Firms to pay hundreds for HSE inspection

8 April 2011

Construction firms could face charges of hundreds of pounds an hour for inspection when safety failures are found, Building reported.

The Health and Safety Executive (HSE) is to consult on whether firms should be charged up to £200 an hour for an Inspector’s time if they breach safety rules.

The “fee for fault” proposals will be go out to the industry for consultation in the summer.

Mike MacDonald, an HSE inspectors’ representative at union Prospect, said: “The HSE is planning to transfer a big slug of the costs to business. Inspectors expect the rate for construction firms could be £150-200 an hour.”

Firms in the chemical and offshore industries are charged up to £256 an hour for inspectors’ time when safety failures are found but construction firms only pay the costs of HSE inspectors’ time in the event of a successful HSE prosecution. Under the new proposals construction firms will be charged whenever an enforcement notice is issued.

The proposals come after Chris Grayling, the employment minister, announced that the HSE will need to recover more of its costs from “rogue employers”.

But fears have been raised that HSE inspectors could have a conflict of interest when inspecting for safety failures as the HSE is under pressure to meet budget cuts of 35%. Macdonald said: “Businesses will be wary of inspectors under pressure to justify their jobs.”

However, a senior HSE source denied this would be the case. “There’s no sense that their behaviour is motivated by money- rather the opposite. They tend to give the benefit of the doubt.”

In a separate story Construction Enquirer reported that three demolition workers narrowly avoided death by Carbon Monoxide poisoning.

Huddersfield Magistrates’ Court heard that three men were overcome by dizziness and nausea. Health and Safety Executive tests revealed the gas boiler used for the shower showed was pumping out high levels of carbon monoxide.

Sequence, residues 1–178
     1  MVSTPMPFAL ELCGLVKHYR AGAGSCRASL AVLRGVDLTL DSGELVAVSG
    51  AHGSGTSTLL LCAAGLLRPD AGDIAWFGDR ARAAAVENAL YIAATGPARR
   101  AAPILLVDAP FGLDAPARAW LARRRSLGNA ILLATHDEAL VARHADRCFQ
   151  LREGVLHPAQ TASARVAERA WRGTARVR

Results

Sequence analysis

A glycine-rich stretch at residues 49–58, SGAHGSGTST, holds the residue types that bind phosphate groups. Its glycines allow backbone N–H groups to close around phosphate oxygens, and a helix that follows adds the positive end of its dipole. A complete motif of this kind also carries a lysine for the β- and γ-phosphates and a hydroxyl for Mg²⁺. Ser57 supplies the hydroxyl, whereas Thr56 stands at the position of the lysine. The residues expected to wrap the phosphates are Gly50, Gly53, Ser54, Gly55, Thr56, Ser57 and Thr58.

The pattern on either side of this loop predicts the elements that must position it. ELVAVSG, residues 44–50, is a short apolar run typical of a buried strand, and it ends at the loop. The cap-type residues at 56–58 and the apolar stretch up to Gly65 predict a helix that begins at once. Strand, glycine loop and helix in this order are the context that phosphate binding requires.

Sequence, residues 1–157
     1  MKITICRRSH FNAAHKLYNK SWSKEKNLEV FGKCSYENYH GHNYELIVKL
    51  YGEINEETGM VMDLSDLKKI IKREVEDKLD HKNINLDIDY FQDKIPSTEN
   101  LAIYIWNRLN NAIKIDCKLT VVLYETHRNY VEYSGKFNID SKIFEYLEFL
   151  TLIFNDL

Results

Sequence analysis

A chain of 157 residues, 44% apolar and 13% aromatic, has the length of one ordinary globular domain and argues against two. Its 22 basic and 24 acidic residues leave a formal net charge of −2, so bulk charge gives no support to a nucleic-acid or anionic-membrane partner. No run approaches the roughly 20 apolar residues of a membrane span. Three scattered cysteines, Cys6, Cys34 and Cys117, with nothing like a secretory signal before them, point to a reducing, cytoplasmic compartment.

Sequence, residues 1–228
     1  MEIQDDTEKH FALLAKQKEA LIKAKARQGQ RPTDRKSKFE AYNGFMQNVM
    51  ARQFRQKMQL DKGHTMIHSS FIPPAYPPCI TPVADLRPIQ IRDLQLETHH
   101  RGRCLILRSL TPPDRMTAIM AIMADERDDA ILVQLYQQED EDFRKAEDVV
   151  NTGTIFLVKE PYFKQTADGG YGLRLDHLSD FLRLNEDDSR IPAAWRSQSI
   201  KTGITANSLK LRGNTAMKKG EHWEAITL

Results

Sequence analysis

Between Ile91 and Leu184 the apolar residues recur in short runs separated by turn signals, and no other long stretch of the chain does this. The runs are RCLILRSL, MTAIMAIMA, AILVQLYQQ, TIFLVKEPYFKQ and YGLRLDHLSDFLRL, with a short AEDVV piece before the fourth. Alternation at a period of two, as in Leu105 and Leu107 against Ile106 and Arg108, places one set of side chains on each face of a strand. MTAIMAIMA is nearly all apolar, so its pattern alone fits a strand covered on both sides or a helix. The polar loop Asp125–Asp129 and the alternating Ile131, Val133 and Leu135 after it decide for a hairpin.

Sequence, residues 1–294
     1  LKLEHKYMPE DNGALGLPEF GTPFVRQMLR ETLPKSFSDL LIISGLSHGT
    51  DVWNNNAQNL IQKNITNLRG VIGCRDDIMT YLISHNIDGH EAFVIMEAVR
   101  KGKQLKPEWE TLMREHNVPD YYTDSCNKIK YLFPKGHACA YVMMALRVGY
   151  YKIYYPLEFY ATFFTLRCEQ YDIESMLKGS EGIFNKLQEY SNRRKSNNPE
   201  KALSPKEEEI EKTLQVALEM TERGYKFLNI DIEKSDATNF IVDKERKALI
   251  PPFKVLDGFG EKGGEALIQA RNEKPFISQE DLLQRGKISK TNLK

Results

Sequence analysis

Inspector David Stewart, who investigated the case for the HSE, said: “Carbon monoxide can be a silent killer in the home and, as this case demonstrates, also in the workplace.”

Construction Enquirer also reported that a man has been arrested on suspicion of corporate manslaughter after a worker was killed in a trench collapse in Kent.


This is an good idea, and a bargain at this price too. If there is a fear of conflict of interest it would be interesting to see how many times a construction company has succeeded in overturning an enforcement notice to see how often the HSE get it wrong. In my experience this is very, very unusual. In Austria H&S good practise is the direct responsibility if the client & overseen by the client's insurance company (client insurance of contractor and 3rd party is mandatory for all not just commercial). Breaches are dealt with by fines for increased safety inspections followed by increased premiums. I know of a case where poor safety on a private house project incurred a 5000 euro fine on top of immediate corrective action costs.

Julian King, 11 April 2011

Principal Contractors should appreciate the value of ongoing safety audits & tap into the help that a good CDM-C can bring to the table if only given the opportunity. As we can see from the above article this is only going one way & that is that the Principal Contractor will be paying even more than he does now when things go wrong. A CDM-C is much more cost effective than a HSE Inspector!

Richard Pickles, 27 May 2011

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